From the Philippine News Agency (Jun 1): AFP says there are no PGMs in its inventory, only pilots trained in precision air strikes
While lacking "precision guided munitions" (PGMs) in its inventory, the Armed Forces of the Philippines (AFP) has enough pilots qualified in making precision and surgical strikes against Maute Group terrorists and other enemies of the country.
PGMs are defined as ordnance or bombs capable of identifying and striking its targets without human intervention or guidance.
AFP spokesperson Brig. Gen. Restituto Padilla issued this clarification in wake of the "friendly fire incident" involving a SIAI-Marchetti SF-260 attack aircraft which on Wednesday led to the death of 11 soldiers and wounding of seven others.
"We are not using PGMs in the ongoing campaign in Marawi City, we don't have PGMs (in the inventory), what we are using since (May 23) are precision air strikes or precision close-air support which our pilots are trained for," he added.
Padilla also said the SF-260s, which are originally designed for training purposes, was modified for the ground attack role, a mission the aircraft is well suited for.
Other AFP ground attack assets being used in the Marawi City clearing operations are the Rockwell OV-10 bombers and the MG-520 and AW-109 attack helicopters.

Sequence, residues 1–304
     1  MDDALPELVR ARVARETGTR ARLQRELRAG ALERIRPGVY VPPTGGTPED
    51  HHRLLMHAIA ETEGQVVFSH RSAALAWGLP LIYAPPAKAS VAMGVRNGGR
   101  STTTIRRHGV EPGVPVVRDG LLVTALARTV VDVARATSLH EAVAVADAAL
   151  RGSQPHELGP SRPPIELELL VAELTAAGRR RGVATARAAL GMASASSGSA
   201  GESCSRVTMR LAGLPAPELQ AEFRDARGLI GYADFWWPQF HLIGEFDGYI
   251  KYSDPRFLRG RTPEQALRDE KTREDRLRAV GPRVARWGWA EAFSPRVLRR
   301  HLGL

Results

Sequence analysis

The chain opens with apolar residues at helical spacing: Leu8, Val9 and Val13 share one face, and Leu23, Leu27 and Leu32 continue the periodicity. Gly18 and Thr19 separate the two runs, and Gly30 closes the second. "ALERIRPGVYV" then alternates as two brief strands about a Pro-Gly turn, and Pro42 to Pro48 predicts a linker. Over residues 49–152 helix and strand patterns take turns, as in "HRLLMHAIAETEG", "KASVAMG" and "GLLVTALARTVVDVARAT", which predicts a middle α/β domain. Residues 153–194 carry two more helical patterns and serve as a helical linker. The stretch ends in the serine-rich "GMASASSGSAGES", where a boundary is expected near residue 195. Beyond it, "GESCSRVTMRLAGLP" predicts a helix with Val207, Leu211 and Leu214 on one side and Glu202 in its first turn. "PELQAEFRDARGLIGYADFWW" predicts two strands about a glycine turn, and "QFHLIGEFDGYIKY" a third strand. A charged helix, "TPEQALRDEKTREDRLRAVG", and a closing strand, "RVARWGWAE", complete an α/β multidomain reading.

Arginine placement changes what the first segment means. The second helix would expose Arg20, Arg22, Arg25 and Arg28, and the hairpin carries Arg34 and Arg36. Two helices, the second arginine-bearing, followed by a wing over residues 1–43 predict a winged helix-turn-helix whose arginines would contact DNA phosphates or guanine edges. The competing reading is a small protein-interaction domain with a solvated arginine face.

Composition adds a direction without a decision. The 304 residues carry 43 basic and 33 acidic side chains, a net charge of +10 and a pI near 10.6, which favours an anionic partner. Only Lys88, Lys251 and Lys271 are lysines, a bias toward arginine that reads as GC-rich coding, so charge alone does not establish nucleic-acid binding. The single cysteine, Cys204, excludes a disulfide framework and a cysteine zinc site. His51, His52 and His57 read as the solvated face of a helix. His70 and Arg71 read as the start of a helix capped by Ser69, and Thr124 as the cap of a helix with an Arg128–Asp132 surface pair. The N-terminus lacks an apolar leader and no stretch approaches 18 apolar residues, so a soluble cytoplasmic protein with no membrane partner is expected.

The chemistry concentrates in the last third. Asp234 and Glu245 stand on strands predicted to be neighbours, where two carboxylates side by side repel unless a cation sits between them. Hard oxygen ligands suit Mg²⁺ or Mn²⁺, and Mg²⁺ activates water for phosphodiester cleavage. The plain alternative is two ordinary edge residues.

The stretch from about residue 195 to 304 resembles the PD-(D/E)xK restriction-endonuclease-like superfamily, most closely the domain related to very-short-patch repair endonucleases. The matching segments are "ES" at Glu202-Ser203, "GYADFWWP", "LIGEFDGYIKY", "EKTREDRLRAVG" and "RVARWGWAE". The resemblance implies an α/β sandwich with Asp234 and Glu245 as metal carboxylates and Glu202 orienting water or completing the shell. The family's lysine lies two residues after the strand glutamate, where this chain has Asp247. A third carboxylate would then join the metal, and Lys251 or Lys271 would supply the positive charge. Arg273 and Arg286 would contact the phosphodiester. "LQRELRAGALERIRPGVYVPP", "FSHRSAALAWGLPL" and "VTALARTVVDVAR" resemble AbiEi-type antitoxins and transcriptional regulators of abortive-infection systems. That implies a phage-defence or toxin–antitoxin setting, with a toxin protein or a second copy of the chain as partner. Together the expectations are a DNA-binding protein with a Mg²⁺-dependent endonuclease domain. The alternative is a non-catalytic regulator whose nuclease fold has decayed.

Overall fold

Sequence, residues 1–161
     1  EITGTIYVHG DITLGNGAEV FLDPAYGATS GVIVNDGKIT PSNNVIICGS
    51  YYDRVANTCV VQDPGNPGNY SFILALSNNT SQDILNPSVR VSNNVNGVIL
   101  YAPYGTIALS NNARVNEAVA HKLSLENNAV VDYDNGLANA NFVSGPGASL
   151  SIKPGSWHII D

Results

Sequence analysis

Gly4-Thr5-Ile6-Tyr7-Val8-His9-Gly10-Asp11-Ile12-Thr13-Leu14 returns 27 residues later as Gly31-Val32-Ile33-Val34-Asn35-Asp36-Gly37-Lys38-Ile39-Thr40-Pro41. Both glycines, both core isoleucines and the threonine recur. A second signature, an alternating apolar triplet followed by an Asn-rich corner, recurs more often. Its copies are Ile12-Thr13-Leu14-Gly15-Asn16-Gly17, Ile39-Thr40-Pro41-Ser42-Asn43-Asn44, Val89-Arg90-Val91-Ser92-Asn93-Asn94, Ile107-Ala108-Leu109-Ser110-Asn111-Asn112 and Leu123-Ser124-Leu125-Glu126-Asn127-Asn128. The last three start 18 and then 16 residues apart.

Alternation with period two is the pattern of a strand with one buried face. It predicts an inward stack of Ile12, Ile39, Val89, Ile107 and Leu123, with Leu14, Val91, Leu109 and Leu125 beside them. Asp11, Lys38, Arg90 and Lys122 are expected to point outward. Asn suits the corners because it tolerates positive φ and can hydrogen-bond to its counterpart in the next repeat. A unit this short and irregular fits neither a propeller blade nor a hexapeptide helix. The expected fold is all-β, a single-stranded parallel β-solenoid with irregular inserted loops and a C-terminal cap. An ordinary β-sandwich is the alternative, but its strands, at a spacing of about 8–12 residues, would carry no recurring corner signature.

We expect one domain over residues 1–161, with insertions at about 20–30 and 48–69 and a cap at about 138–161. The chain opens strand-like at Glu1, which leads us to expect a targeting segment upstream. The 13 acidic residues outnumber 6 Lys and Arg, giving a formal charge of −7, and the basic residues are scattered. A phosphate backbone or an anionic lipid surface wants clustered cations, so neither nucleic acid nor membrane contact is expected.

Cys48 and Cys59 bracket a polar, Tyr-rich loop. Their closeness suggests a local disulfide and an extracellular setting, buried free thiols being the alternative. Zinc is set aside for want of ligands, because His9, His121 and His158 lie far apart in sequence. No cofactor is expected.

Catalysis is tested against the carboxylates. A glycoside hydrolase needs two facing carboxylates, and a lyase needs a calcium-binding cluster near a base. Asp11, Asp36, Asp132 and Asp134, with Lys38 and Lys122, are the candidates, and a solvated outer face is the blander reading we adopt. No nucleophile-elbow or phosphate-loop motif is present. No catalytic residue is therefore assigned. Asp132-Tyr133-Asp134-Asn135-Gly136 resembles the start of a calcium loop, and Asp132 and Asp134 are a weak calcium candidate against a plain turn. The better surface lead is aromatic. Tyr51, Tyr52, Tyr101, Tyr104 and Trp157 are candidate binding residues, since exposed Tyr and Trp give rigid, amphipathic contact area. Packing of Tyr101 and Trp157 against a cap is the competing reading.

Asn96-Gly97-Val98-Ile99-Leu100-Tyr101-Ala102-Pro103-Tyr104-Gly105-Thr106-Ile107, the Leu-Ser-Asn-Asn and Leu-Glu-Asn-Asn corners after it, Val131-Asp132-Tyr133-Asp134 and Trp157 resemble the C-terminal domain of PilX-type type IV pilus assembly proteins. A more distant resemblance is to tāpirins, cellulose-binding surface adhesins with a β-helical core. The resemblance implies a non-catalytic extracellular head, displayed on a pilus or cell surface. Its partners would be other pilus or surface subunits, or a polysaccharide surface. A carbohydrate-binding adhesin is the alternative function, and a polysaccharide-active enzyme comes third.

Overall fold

As this develops, AFP chief-of-staff Gen. Eduardo Año said he has already ordered the AFP Inspector General, under Major Gen. Rafael Valencia, to investigate Wednesday's "friendly fire incident".
"It was very unfortunate and no one wanted it to happen. I am deeply saddened and the whole AFP commiserate with the bereaved families with deep regret. I want to assure the public that it will not happen again and I ensure that all measures and actions are being implemented in order to resolve the Marawi crisis at the soonest possible time without jeopardizing the lives of innocent civilians," he added.
And when asked on whether there are plans to ground the SF-260s pending the investigation, Año said the AFP "may defer the use of SF-260 for the meantime but it will continue using all other available ground air and naval assets in order to resolve this crisis quickly."
"We are doing our best to comply with the timeline but what is more important is to finish our job with the minimum loss of soldiers' and civilians' lives," the AFP chief added.